Comments on Commentaries
Commentaries are perhaps the single most popular category of Bible reference book. Pastors, teachers, laypeople, students, missionaries, and Bible translators all find commentaries to be a crucial tool for studying the Bible. Logos offers dozens of commentaries, ranging from one-volume works to multi-volume sets, scholarly to popular approaches, with a variety of denominational voices represented.
The purpose of this article is to briefly discuss the uses for commentaries, various types of commentaries available, and benefits of using commentaries in Logos Bible Software.
For help in choosing which commentary to buy next, see the Product Guide to Multi-Volume Commentaries
What is a Commentary & What Is It Good For?
Commentaries contain comments and observations on the biblical text, organized in the same order as the biblical text. Most people turn to commentaries for an explanation of a passage or passages they are studying.
|"The commentator seeks to explain a text so that a modern reader of an ancient text can understand it." —Edgar Krentz|
Commentaries are one of the best ways to check your own interpretation of Scripture against that of others and benefit from knowledge that was bought at the price of years of study and toil. They can help you avoid errors and misunderstandings about the Bible, and improve your understanding of biblical passages and themes.
Most commentaries include an introduction to each book of the Bible that discusses authorship, dates, the circumstances in which the book was written, intended audience, and the relationship of that book to the rest of the Bible. The introduction also presents an outline of the book or at least breaks it down into major sections and themes.
The introduction is typically followed by running commentary that moves verse-by-verse or section-by-section through the book, discussing the Bible text. The discussion can range from highly technical commentary on the Greek or Hebrew to breezy exposition and application...or anything in between.
What Kinds of Commentaries Are There?
It's difficult to organize commentaries into distinct categories because there's a lot of overlap in what each series or author sets out to accomplish, and whatever labels are chosen will certainly be disputable. But commentaries tend to take an approach to the Scriptures that is either more critical or more popular in orientation.
|TIP: The Product Guide to Multi-Volume Commentaries lists, labels, and discusses all the multi-volume commentaries available for Logos Bible Software, with recommendations for scholars, pastors and laypeople.|
A critical commentary series such as International Critical Commentary Series or New International Greek Testament Commentary includes a great deal of technical discussion about the Greek/Hebrew/Aramaic text, interacts with scholarly literature, and may use higher critical methods* to investigate Scripture. The authors of critical commentaries often produce their own translations. These commentaries assume the reader is conversant with biblical languages and text critical methods*, and can find his way around an apparatus.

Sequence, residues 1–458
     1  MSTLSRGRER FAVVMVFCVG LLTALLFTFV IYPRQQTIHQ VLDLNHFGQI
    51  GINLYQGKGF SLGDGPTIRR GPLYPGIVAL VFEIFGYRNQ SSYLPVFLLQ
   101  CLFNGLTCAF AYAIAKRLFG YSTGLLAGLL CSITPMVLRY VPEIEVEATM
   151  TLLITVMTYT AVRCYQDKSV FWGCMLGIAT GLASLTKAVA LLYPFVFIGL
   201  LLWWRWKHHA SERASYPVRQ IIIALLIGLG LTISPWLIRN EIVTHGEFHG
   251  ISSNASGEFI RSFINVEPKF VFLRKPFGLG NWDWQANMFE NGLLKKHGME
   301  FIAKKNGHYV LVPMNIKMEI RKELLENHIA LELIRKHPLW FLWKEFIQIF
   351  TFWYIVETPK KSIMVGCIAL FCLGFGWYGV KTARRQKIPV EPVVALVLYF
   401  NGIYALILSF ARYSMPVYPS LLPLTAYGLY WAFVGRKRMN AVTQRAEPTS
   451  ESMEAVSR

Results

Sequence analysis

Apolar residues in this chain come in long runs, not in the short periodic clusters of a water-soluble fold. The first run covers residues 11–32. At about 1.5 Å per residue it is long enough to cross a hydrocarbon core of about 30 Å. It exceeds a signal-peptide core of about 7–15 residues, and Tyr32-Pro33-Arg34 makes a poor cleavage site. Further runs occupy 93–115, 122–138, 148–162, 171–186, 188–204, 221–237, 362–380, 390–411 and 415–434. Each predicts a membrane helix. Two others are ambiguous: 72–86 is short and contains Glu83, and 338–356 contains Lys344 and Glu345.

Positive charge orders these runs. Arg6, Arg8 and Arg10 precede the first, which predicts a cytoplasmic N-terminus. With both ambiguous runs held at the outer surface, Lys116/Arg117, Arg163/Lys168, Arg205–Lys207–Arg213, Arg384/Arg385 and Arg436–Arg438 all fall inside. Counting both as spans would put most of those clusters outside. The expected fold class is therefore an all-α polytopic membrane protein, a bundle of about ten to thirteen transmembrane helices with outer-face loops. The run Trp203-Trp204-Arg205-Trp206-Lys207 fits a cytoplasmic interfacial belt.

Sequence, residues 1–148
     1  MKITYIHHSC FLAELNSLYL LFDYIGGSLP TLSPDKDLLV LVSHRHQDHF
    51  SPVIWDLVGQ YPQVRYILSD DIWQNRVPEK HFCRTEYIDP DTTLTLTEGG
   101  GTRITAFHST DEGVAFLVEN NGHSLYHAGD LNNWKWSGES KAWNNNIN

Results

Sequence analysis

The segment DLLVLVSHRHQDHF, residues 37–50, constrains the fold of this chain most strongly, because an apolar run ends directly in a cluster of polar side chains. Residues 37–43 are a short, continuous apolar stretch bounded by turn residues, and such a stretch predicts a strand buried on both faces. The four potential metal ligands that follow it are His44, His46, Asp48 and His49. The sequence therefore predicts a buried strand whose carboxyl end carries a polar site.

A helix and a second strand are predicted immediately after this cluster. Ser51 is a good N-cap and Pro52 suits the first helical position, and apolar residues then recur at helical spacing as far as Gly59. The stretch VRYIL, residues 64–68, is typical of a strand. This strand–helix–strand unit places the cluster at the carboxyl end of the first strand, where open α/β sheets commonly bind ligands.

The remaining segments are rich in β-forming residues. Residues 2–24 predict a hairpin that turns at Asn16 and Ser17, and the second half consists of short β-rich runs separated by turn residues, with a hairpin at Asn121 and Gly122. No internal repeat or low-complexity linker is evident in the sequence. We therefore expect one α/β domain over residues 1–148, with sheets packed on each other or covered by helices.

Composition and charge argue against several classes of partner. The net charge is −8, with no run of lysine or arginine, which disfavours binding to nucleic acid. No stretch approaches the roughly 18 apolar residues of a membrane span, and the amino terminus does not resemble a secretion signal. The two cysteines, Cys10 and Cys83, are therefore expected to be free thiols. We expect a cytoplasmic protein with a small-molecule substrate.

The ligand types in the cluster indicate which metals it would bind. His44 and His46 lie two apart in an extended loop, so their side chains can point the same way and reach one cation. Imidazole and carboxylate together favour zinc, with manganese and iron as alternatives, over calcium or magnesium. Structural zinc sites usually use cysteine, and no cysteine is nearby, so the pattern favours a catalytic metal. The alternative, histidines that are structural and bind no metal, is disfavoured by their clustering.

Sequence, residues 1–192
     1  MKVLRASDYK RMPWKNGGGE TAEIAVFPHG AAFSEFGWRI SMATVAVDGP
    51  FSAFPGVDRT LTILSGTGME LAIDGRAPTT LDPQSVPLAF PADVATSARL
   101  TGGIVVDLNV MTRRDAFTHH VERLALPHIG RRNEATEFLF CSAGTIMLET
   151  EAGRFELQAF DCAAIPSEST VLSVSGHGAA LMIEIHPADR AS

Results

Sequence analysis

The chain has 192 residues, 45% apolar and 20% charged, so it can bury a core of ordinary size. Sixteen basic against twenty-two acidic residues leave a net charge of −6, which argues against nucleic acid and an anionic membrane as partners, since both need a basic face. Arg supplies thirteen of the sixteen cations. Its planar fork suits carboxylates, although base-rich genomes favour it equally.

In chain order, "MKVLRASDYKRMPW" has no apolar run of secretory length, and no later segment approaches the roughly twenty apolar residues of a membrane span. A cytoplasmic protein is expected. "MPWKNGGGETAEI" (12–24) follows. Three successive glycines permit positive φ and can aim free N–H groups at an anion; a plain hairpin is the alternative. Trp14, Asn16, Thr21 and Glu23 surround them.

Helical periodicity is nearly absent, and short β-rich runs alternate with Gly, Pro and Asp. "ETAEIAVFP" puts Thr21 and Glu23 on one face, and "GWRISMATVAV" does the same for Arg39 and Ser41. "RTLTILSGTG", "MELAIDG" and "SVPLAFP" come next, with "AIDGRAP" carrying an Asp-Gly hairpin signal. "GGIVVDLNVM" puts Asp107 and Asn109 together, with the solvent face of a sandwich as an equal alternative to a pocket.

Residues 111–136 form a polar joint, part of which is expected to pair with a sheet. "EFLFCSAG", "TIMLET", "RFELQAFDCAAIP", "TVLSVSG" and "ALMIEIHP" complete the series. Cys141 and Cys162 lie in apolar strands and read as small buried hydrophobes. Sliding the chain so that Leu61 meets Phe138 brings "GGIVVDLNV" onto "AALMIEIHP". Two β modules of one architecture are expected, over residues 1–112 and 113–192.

At the other end of the spectrum are popular ("devotional") commentaries such as the Life Application Bible Commentary that serves a different purpose. These commentaries are written as interpretive and devotional aids for laypeople who read the Bible in English. They avoid technical or textual discussions and instead focus on the interpretation and application of Scripture to everyday life.
In between are commentaries that take a pastoral approach, addressing the specific needs and concerns of the preacher or teacher (Pulpit Commentary Series), and those that embrace an exegetical (text-centered) approach but remain accessible to readers without formal language training (e.g., New American Commentary Series, Baker's New Testament Commentary Series).
Owning & Using Commentaries
Why Do I Need More than One Commentary?
Having access to commentaries from a few different theological viewpoints can be a good way to familiarize yourself with a range of interpretations of a given passage. Owning both new and old commentaries means that you will gain insight not only from contemporary sources but also from those who lived in other times and may have had blind spots and prejudices different from our own.
In his book Multipurpose Tools for Bible Study, F. W. Danker recommends spending time with past commentators, because:
...Scripture does not always reveal its secrets in the same measure to each generation, much less to every expositor. Interpretive sensitivity is required; people like Chrysostom, Luther, Calvin, Bengel, Westcott, Lightfoot, and others had it. To deprive oneself of an encounter with such princely blood is to impoverish oneself.
Using Commentaries in Logos Bible Software
Commentaries can be expensive, so you should be sure to reap the maximum benefit from every dollar you spend on commentaries. Logos Bible Software helps you do this by ensuring that you actually use all the commentaries you own, that you use more of each commentary's contents, and that you use them more efficiently.
Here's how it works: Every time you run the Passage Guide report in Logos Bible Software Series X, the software pulls each commentary you own off the "shelf" and opens each one to the page where your passage is discussed. So right away you have instant (one-click) access to the page and paragraph in each commentary that's relevant to your Bible study. This means you never have to think about which commentaries to open or where to find the content you need...it's right there waiting for you to read! (Note: When you add a new commentary to Logos Bible Software, it automatically gets included next time you run Passage Guide.)